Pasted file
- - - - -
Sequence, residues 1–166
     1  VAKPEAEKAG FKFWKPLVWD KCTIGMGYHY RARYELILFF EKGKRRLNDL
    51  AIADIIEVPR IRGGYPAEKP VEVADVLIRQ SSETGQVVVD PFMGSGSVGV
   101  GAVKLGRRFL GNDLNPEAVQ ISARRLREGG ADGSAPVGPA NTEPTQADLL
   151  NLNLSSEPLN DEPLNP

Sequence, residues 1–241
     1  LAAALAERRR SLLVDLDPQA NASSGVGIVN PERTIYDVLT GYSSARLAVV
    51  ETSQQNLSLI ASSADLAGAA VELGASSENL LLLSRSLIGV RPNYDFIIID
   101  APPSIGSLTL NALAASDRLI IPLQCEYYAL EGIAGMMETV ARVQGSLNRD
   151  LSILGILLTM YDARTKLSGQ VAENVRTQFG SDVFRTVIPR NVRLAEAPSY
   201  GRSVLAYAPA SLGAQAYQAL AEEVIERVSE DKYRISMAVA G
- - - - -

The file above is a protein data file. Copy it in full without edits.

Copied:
Sequence, residues 1–166
     1  VAKPEAEKAG FKFWKPLVWD KCTIGMGYHY RARYELILFF EKGKRRLNDL
    51  AIADIIEVPR IRGGYPAEKP VEVADVLIRQ SSETGQVVVD PFMGSGSVGV
   101  GAVKLGRRFL GNDLNPEAVQ ISARRLREGG ADGSAPVGPA NTEPTQADLL
   151  NLNLSSEPLN DEPLNP

Sequence, residues 1–241
     1  LAAALAERRR SLLVDLDPQA NASSGVGIVN PERTIYDVLT GYSSARLAVV
    51  ETSQQNLSLI ASSADLAGAA VELGASSENL LLLSRSLIGV RPNYDFIIID
   101  APPSIGSLTL NALAASDRLI IPLQCEYYAL EGIAGMMETV ARVQGSLNRD
   151  LSILGILLTM YDARTKLSGQ VAENVRTQFG SDVFRTVIPR NVRLAEAPSY
   201  GRSVLAYAPA SLGAQAYQAL AEEVIERVSE DKYRISMAVA G